Close Server: KOPWWW05 | Not logged in

Welcome to Health Care POV | sign in | join
ADVANCE Perspective: Nurses

IV Clinics: A Do or A Don’t?

Published January 22, 2013 1:53 PM by Catlin Nalley
Whether you have a cold, the flu, or a hangover there is now a new treatment option available.

"Hydration clinics," which provide intravenous (IV) fluids to individuals dealing with mild to moderate dehydration, are appearing across the country, according to TIME.

One such clinic is revive, which opened on Dec. 15, 2012, in Chicago. Led by Jack Dybis, DO, and staffed by ED nurses, revive has already seen more than 150 patients, noted TIME.

Potential candidates provide a complete medical history as well as current symptoms. If they meet requirements, nurses then start a line. Exact contents of the IV depend on patient needs, reported TIME.

Other clinics include Revivme, run by ER physicians in Miami, and Hangover Heaven in Las Vegas, operated out of a bus by a board-certified anesthesiologist.

Such clinics might provide less expensive, convenient options to patients, but is it worth it?

Healthcare professionals are concerned that the benefits do not outweigh the potential risks, including infection and side effects to the drugs used such as ketorolac, which can cause kidney damage, stated TIME's article.

Others worry that individuals with underlying medical conditions will utilize clinics when they should be seeking treatment for a more serious issue. Additionally, for those who seek out IV treatment to relieve hangover symptoms, some fear it could lead to the development of alcohol abuse, according to TIME.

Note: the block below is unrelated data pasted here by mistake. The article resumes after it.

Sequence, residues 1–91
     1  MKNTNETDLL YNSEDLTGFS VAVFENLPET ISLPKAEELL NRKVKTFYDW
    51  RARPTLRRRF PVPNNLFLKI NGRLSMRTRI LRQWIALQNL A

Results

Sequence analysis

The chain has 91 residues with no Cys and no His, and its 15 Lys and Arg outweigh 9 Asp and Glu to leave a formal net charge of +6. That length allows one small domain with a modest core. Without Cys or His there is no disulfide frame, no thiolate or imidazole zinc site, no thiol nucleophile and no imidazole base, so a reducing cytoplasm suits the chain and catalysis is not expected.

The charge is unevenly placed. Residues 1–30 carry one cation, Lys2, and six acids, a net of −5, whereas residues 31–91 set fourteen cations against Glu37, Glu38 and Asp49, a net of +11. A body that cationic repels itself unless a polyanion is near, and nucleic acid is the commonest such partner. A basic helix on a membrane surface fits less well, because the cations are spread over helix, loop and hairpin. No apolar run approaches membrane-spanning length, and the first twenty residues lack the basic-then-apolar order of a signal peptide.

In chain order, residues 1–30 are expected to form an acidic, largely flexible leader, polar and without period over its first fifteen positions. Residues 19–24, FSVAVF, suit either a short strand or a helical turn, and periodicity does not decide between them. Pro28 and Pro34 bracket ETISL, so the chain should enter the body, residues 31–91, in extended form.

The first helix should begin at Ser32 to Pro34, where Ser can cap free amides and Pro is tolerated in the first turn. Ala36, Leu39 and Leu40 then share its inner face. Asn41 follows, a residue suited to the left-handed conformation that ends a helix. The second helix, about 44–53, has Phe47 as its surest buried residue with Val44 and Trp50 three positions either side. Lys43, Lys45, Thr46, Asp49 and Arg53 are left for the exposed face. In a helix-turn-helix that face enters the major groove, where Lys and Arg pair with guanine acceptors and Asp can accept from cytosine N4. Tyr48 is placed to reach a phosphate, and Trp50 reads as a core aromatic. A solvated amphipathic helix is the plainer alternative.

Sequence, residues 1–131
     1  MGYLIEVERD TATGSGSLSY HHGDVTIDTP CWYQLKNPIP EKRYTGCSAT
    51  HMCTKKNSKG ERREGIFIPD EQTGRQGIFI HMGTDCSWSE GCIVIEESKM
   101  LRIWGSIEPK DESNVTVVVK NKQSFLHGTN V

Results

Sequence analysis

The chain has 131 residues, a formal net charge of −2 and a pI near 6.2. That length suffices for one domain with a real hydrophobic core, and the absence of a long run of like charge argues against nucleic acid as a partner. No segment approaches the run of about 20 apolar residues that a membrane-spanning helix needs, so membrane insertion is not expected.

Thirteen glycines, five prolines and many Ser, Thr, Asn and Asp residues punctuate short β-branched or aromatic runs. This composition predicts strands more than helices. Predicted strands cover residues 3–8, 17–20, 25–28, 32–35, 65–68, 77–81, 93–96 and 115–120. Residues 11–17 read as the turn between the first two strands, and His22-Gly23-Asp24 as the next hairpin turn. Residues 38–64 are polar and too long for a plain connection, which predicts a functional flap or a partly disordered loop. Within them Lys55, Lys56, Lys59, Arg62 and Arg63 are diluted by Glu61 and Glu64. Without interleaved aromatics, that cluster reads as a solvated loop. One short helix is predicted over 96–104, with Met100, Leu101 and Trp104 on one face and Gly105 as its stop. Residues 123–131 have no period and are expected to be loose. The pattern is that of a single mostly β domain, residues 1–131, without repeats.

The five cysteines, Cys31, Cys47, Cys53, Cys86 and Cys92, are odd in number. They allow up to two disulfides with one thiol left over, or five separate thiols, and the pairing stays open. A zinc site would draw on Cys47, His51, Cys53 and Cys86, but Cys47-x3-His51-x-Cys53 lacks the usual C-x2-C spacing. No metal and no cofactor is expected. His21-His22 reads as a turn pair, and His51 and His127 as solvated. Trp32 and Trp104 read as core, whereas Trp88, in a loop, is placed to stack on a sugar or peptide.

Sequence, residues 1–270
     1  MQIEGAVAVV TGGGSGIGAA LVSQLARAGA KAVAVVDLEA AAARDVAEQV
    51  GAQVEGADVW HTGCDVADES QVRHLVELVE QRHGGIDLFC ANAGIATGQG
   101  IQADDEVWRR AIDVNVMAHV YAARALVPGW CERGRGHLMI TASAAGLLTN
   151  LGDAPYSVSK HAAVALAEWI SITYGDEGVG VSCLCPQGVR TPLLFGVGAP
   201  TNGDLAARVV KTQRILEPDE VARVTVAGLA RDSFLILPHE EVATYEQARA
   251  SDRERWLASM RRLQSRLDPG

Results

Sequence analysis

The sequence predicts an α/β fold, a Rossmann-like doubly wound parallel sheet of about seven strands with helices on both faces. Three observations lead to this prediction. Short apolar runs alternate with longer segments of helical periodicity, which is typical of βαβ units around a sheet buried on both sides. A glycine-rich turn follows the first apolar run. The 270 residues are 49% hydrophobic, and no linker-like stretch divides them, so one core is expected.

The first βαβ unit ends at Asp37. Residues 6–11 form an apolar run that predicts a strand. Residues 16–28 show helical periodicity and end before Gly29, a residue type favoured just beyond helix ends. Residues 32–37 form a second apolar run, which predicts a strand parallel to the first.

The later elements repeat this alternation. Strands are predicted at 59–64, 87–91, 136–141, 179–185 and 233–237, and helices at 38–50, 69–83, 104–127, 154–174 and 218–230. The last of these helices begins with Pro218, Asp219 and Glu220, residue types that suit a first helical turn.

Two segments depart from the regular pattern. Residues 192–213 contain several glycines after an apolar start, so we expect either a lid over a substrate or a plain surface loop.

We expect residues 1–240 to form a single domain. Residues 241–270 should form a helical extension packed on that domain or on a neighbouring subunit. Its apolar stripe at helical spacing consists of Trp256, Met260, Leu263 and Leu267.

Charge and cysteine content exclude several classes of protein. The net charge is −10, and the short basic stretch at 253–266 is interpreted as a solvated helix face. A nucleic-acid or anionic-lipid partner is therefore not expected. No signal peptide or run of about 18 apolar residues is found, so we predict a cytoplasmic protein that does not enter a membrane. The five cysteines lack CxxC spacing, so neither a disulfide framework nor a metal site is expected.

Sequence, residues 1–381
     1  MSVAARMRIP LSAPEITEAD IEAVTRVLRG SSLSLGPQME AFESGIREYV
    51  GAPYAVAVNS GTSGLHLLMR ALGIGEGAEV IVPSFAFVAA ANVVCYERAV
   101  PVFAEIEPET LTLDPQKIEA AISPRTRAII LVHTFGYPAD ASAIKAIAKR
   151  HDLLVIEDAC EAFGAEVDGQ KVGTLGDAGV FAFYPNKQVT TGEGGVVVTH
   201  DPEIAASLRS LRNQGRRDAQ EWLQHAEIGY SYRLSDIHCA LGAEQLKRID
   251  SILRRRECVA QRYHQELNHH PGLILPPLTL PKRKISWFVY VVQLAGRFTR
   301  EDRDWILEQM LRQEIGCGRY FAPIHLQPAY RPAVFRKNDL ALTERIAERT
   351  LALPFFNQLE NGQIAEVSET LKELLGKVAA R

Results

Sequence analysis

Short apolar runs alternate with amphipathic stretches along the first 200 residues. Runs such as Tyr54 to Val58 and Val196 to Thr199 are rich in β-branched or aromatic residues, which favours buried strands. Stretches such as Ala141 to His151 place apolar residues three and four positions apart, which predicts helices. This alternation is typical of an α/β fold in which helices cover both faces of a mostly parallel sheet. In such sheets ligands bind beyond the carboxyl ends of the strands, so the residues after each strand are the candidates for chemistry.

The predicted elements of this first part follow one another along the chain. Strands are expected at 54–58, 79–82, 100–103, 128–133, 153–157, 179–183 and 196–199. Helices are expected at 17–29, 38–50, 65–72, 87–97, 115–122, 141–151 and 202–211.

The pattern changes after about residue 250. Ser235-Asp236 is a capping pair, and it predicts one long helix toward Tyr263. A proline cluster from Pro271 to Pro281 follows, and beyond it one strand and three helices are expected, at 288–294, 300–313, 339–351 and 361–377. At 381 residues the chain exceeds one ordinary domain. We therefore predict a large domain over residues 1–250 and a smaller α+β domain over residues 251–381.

Do you think IV Clinics are a good idea? Would you recommend their use to your patients?
posted by Catlin Nalley


It may be "legal" however it is medically unethical to allow a client to choose which IV they are going to get, especially since some have medication in them.

Can someone die from vitamins and minerals?  Yes!  Too much potassium or magnesium will damage your heart and kidneys and can lead to death.

Without a baseline assessment and labs, there is no way to know what a patient's electrolytes are at nor how their liver and kidneys are working.  Hydrating someone in renal failure (which can happen after partying with narcotics) can lead to death.  

The nurse who starts that IV and administers it is legally culpable.  I feel these hydration clinics are operating in a manner that won't hurt most people but is medically unethical and not worth losing one's nursing or physician's license.

Administering fluids to the circulatory system is not on par with going to the doctor and saying "I want $500 worth of botox".  Fluid is going to the circulatory system and affects the heart and other vital organs.

Just because a business is "legal" doesn't make it ethical.  

DeAnne September 8, 2017 7:25 PM
Los Angeles CA

I really appreciate the insight here in this post and confident it’s going to be helpful to me and many others. I’m wondering if you or anyone else has additional sources for me to read further and to be able to dig a little deeper?

Nutri Lounge July 28, 2017 12:31 AM